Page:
Nigel Planer On … Being an Adolescent PlaywrightDate: 6 July 2009
Actor and writer Nigel Planer, who rose to fame playing hippie Neil in 80s sitcom The Young Ones, has since carved a successful career in musical theatre (he is currently appearing as Wilbur in Hairspray at the Shaftesbury Theatre) and is known for his über-luvvie alter-ego Nicholas Craig. He has also recently branched into playwriting, and his new play Death of Long Pig premieres this week at the Finborough Theatre (9 July, previews from 7 July).
Death of Long Pig is set in the Polynesian South Seas in the 1890s and concerns the lives and deaths of the writer Robert Louis Stevenson and the painter Paul Gauguin. The same actor - Sean Murray - plays both roles and the play has a surreal element, with the spirit world of the islands a tangible presence throughout.
Although accurate in historical detail, it’s a long way from being a straight biographical piece. A ‘Long Pig’, incidentally, is what the islanders would call a white man to be cooked and eaten, and although we don’t have any cannibalism actually going on on stage, we have tried to create as authentic an atmosphere as possible; with a brilliant set by Alex Marker and the assistance of Rosanna Raymond from Samoa and Tahiarii from Tahiti, who put the actors through a Pacific island culture workshop in our second week of rehearsals at the Jerwood Space. Further authenticity should be provided by the fact that the Finborough can be a pretty hot place to be in July.
I remember reading David Hare, in an interview some years ago, saying that a worry for a playwright is having anything worth saying after the age of 50. Thank God I don’t have this worry - although I'm 56 in real years, this is only my second play, so as a playwright I am technically still in my early teens. Alexander Summers, the director, was resident assistant director at the Finborough for a year after University and more recently won the Haymarket bursary to be apprentice director on the McKellen/Stewart Godot, so I guess he is a little bit older than me - in playwright years that is.
Prior to starting rehearsals we had two rehearsed readings of the play and on both occasions Dominic Rowan very kindly gave his time to read the Stevenson/Gauguin role double and I'm grateful to him and all the other actors for, well for being so amazing and putting in the time and commitment - now at last I understand how it is that theatrical people get so teary-eyed when asked to make speeches about each other. I’ve always been a bit of a curmudgeon about Winslet-style gush - I’ve even made a mini-career out of my cynicism with my Nicholas Craig character - but increasingly as a playwright, I find myself wanting to hug and kiss actors for, well, just for being so committed and fantastic and wonderful.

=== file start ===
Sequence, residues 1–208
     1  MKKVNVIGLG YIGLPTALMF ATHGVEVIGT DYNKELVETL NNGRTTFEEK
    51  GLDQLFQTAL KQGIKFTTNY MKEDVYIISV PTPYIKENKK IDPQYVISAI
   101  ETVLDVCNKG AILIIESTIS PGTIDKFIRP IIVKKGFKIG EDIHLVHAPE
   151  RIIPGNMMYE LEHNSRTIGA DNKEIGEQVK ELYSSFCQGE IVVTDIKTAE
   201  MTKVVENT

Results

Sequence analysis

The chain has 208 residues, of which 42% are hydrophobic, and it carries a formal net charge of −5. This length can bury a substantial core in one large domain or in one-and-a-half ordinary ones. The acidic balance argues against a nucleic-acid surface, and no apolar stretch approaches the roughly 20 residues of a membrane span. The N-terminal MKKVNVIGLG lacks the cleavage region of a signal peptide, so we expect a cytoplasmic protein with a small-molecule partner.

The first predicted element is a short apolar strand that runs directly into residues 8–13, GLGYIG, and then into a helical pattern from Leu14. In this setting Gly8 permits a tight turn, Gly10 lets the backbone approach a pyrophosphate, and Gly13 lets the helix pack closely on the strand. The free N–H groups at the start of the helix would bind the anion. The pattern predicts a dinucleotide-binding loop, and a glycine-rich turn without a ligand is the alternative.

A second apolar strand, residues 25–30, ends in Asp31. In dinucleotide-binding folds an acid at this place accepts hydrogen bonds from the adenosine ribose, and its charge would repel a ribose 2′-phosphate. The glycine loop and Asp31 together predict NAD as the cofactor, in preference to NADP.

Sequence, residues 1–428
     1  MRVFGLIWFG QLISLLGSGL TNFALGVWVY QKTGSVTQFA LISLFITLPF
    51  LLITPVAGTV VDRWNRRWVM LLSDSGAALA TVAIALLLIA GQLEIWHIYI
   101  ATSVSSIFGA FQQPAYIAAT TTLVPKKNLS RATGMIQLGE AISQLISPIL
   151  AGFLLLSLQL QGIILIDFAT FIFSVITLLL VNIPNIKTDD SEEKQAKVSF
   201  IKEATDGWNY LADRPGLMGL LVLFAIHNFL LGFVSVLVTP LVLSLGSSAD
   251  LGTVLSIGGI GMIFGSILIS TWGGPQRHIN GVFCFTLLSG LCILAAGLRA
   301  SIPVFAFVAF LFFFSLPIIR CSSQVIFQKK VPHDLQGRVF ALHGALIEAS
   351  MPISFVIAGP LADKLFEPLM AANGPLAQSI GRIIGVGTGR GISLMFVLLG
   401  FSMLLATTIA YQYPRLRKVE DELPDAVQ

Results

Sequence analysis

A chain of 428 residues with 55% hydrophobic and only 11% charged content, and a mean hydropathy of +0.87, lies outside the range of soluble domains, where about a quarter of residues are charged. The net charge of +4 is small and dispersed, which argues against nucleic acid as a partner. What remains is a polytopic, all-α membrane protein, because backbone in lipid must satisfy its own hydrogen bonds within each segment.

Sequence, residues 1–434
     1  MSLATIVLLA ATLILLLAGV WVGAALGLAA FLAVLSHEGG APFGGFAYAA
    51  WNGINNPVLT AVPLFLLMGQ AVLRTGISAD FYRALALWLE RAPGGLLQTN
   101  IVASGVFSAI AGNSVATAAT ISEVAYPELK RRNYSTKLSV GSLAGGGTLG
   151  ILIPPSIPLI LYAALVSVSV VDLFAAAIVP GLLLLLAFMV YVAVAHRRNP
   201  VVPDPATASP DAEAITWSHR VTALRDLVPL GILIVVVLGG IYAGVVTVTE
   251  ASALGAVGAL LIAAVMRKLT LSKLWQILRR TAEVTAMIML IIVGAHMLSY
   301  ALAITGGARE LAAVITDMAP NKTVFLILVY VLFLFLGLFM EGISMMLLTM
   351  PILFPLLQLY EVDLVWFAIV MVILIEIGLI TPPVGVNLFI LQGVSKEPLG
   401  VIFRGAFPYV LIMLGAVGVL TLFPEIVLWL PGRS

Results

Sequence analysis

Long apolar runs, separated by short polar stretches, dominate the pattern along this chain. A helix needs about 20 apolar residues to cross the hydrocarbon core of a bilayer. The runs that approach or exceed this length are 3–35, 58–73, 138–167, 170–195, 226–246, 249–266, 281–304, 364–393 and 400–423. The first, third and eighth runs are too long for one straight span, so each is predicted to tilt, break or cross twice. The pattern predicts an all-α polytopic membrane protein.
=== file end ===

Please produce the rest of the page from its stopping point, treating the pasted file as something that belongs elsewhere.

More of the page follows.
Because of the Finborough policy of aiming high and casting late, we were only fully cast by five-thirty on the Friday afternoon before we were due to start rehearsals at the Jerwood Space on the Monday. This was stomach-turning stuff and my gushing thanks go out once again to the ideal cast who are willing to dedicate what seems to be endless amounts of time for what is - the Finborough being such a small venue - a very small amount of financial reward. And that’s even when taking into account a generous donation from another lovely actor person, who prefers to remain anonymous, but who proves that there is nothing as wonderful in the world as actors. More gush from me. Gather, Nigel, gather.
Since I'm still appearing in Hairspray, it will be a strange experience, I imagine, going onstage of a night at the Shaftesbury, knowing that there is a performance of my own play going on down the road at the same time. I wonder if the intervals will coincide and text updates will be possible.
Death of Long Pig opens at the Finborough on Thursday (9 July, previews from 7 July), where it continues until 1 August 2009.